Living with Less: Clearing Out the Kitchen


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There are a few things that I have a complete weakness for when it comes to shopping.  Home office stuff, cool toys for my daughter, and kitchen stuff.  We’ll get to the first 2 items on that list another week, but today we’re talking about kitchens.  When I see a cool new kitchen gadget I’m mesmerized.  “Why don’t I have one of those awesome avocado slicers?”  I don’t even like avocados!

I thought I had a small kitchen until I cleaned everything out. Now I've got more space than I know what to do with, and keeping organized is easy!

Tupperware

These handy little containers are in just about every home from a college dorm room to a million dollar mansion.  Are they useful?  Yes!  Do you 100 of them?  Probably not.  In most cases, we have WAY more tupperware than we need, and much of it is mismatched, missing lids, stained with tomato sauce, etc.  Time to say goodbye old friends.  Especially if you have a small kitchen, space is more valuable than having every size storage container known to man.  So hang on to what you use on a regular basis and toss or donate (if they’re in good shape) the rest.

Cookware

Sure, that wok seemed like a great idea when you were registering for it, but now it just sits and collects dust and takes up a lot of space.  When Mr. O and I first moved in together we each had our own sets of cookware.  It ranged from decent quality to one clearance from Caldor quality (bonus points if you remember that place).  For some reason we kept it all.  And even though we bought the mega-set of high quality All-Clad cookware from William Sonoma with gift certificates from our wedding, we still packed up all the other pots and pan and brought them to our new home… 8 years ago.  Sound familiar?

It’s time to say adios to the junky cookware that’s been boxed up in the attic for 8 years, and embrace the adultiness of out good stuff.  What do you have hanging around your kitchen that you never use, have several of, or would just be embarrassed if people knew you cooked with it?  You’re not going to hurt the pot’s feelings.  Just let it go.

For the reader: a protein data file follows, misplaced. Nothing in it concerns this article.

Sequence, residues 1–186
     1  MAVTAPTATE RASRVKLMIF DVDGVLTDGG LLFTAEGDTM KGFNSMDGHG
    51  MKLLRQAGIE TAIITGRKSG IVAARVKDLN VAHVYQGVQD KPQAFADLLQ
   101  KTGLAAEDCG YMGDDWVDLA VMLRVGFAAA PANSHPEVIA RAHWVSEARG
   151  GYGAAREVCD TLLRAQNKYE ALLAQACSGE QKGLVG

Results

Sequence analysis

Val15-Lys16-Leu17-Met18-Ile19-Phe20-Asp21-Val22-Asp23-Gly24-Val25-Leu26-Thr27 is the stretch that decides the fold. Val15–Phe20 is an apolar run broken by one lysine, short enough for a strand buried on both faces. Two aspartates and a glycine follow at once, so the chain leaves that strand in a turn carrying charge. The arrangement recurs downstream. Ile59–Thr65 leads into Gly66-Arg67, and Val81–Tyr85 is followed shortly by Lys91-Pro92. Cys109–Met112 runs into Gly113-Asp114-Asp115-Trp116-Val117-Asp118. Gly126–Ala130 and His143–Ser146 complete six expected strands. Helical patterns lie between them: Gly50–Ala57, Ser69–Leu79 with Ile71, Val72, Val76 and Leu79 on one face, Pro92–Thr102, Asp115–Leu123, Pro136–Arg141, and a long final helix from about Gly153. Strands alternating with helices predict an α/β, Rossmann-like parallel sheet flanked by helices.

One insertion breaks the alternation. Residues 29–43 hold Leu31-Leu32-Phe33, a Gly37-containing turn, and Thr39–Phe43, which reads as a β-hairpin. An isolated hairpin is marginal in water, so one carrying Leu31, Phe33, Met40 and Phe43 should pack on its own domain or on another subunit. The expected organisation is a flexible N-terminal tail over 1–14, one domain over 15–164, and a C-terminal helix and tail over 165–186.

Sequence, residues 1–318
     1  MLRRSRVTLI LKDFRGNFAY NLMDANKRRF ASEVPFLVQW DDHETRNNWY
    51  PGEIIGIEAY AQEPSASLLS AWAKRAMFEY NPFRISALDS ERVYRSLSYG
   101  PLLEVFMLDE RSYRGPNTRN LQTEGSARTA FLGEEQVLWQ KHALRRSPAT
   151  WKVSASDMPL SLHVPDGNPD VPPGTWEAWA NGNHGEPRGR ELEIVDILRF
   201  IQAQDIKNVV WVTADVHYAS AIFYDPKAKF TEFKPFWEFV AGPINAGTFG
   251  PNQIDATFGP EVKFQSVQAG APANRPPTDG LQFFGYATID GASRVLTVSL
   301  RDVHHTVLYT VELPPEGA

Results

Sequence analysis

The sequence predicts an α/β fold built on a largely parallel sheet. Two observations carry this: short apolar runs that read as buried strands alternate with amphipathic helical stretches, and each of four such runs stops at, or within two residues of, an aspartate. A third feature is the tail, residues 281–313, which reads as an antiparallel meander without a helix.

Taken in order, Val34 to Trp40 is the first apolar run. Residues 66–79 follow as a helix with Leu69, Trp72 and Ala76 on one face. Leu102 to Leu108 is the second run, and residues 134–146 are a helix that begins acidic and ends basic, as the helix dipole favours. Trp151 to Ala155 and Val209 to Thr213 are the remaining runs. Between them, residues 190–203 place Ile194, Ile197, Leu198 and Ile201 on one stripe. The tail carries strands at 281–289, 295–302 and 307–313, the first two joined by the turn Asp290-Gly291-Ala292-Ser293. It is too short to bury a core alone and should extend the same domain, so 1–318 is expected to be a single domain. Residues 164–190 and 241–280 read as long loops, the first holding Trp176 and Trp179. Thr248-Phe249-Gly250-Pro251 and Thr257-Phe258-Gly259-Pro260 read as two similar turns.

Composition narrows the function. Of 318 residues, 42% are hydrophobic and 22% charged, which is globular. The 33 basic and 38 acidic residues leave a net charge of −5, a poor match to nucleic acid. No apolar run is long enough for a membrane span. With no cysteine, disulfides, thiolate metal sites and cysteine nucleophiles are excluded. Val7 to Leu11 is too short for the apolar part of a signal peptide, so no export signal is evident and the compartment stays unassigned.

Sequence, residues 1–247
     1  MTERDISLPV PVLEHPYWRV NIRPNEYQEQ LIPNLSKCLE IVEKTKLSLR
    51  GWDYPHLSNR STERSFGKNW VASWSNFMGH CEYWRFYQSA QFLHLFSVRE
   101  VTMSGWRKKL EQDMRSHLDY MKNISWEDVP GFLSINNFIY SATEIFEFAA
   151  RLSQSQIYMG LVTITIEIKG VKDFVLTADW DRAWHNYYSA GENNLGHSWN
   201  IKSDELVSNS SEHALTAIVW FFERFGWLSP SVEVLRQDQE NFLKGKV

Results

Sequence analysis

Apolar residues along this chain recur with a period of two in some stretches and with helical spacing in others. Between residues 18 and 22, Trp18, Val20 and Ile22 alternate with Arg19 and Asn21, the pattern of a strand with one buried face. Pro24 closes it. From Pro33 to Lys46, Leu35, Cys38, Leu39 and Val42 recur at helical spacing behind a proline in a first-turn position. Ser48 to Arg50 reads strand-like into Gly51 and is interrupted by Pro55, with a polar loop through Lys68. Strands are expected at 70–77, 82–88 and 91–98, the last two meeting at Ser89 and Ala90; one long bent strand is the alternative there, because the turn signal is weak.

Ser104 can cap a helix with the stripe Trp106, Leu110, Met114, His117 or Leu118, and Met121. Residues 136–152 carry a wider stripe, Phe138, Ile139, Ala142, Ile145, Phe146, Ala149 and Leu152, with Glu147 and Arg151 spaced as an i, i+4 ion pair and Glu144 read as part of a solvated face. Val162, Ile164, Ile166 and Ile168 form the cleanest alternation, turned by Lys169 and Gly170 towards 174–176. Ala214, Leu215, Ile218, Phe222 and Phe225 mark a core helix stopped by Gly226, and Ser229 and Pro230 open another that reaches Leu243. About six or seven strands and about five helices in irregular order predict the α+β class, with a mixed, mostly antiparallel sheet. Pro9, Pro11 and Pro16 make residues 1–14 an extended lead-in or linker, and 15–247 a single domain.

Utensils & Plates

Did you know the Dollar Tree sells utensils 4/$1?  I did!  You know how?  We have a ton of it!  As with the cookware, it’s time to put on our big girl pants and let go of the forks that bend when you try to cut chicken.  And exactly how many pie-slicers does 1 family need?

The same goes for plates.  If you wouldn’t serve your guests on a plate, don’t keep it around.  It’s not worth it.

And let’s not forget about kid plates and utensils.  My 6-year-old has long-since outgrown those tiny forks and spoons with rubber handles.  See ya!  And while she’s not ready for porcelain plates, I’m trying to get her away from using the kind that are sectioned off – it’s okay for food to touch, kid! – so I am getting rid of those, too.

Disclaimer:  You guys know I’m all about being honest, so I have to let you in on a little secret.  We’re not actually getting rid of our extra silverware, or even plates.  We host Thanksgiving every 3 years and need enough serveware to feed 35+ people. But it will get put up in the attic and out of my kitchen.

Mugs

Where are my teacher pals at?  You’ll totally get this.  If I had a nickel for every mug I’ve gotten from my kids, or the administration, I wouldn’t need to teach anymore!  And really, how many “World’s Best Teacher” mugs do you need?  We get it.  You’re awesome.  Yay.  Can we move on?

But mug hoarding isn’t exclusive to teachers.  I know people who buy a mug every time they go on vacation.  Others simply have more than they need.  I mean, honestly, if you run the dishwasher every couple of days like we do, you only need a couple of mugs for each person in the house.  And for those of you who need a reminder, like my husband, you can use the same mug more than once on a given day.  Mind. Blown.

Where to donate kitchen items

Items that are in good shape can be donated to Goodwill, Salvation Army and the ReStore (Habitat for Humanities thrift shop).  Many local organizations hold annual tag sales and would gladly accept home items as a donation.  And don’t forget your own family!  If you have younger cousins, nieces and nephews, etc. who are just starting out, give some of your extra stuff to them.  They’ll appreciate not having to pay for things they need, and you’ll appreciate the extra space.

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  1. Pingback: Living With Less: Home Decor July 17, 2017

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